I wrote a review of the latest Bolaño translation, A Little Lumpen Novelita. Of all his work that I’ve read, this novelita reminds me most of Roberto Arlt’s fiction. I only began to touch on this in the review, but I think there’s a very clear line between a work like The Savage Detectives and A Little Lumpen Novelita. The first is Cortázar-style encyclopedic–that long list of avant-garde writers that stretches over a couple pages–while the second is pure Arlt: boxing rather than literature, scribbling at meals (before or after a day’s work) rather than typing through the morning (before heading out for a stroll).

Late Book Culture in Argentina

Today is the US publication date of this book. It’s a study of experimental writing and small press publishing in contemporary Argentina, placed in the context of transformations in our media landscape. The first half of the book traces a genealogy of engagement with the medium of the book, with chapters on Osvaldo Lamborghini, César Aira, and Eloísa Cartonera. The second half focuses on morphological engagements with the book by Estación Pringles, Sergio Chejfec, and Pablo Katchadjian.

It’s an expanded rewrite of my dissertation, and as such it feels like it’s been a long time coming. I’m really happy to have it finally out in public.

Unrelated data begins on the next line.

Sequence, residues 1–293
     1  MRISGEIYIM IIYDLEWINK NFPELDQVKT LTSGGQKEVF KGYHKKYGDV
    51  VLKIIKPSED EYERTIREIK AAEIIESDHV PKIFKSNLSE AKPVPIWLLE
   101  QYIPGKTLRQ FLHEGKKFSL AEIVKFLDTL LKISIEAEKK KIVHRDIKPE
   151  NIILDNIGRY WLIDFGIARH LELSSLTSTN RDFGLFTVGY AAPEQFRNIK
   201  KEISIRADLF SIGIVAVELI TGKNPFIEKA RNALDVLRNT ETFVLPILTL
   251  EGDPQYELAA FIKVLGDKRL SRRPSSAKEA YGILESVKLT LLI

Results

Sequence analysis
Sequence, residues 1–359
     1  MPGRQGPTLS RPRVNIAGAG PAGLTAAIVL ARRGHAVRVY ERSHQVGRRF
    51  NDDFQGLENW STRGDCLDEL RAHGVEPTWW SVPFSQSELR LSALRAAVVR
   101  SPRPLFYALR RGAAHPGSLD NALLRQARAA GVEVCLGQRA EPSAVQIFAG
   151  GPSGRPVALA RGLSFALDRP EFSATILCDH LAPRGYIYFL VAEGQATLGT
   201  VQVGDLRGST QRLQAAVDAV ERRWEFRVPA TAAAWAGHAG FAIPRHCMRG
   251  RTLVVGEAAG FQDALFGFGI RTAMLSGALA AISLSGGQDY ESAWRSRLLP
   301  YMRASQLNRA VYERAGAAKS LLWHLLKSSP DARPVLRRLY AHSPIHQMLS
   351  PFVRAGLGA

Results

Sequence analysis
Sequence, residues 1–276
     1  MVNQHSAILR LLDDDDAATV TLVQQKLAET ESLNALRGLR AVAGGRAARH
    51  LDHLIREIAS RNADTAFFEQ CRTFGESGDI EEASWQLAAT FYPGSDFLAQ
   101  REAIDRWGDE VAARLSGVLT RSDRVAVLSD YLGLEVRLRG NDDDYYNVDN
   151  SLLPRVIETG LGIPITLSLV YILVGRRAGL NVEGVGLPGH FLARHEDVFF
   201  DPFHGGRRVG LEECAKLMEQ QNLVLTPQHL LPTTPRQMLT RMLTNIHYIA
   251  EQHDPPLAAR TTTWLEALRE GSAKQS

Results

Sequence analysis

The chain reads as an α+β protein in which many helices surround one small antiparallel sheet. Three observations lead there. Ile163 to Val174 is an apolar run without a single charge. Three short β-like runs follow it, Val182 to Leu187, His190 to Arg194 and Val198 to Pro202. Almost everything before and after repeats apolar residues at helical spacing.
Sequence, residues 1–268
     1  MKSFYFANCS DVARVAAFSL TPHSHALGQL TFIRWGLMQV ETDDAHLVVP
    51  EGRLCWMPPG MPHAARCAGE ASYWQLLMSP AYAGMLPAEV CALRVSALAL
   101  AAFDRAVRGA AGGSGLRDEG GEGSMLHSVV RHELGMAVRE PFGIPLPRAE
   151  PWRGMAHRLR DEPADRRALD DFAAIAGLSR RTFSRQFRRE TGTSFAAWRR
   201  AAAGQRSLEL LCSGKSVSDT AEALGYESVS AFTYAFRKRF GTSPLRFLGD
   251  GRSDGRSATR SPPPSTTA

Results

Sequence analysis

This post does not contain photographs of food–just a link to a short reflection I put up on Medium. I had never used it before, and I had been thinking about cupcakes, so it seemed there was no better time.

More DF

Over at Feedback, I just posted a short review of a couple new or newly translated books about Mexico City–one by Francisco Goldman and another by Valeria Luiselli. It’s exciting to be reading such excellent books about the DF, where I’ll be working for a few weeks starting next week. I’ll be looking at old maps in archives and listening to sounds in the Fonoteca, among other things. I’m sure I’ll buy more books than I can carry and will have to ship them back separately. And I’ll be rereading The Savage Detectives, not so much for the “being there” aspect of it, rather to prep for my fall grad seminar on Bolaño and Mexico.

Further dispatches will follow.

Doctored photos – DF

I stumbled upon this project that overlays images from the days of the Mexican Revolution with the present-day, Google-drawn geography of Mexico City. I’m more impressed with the continuity of built space rather than the differences.

Via Revista Nexos

Via Revista Nexos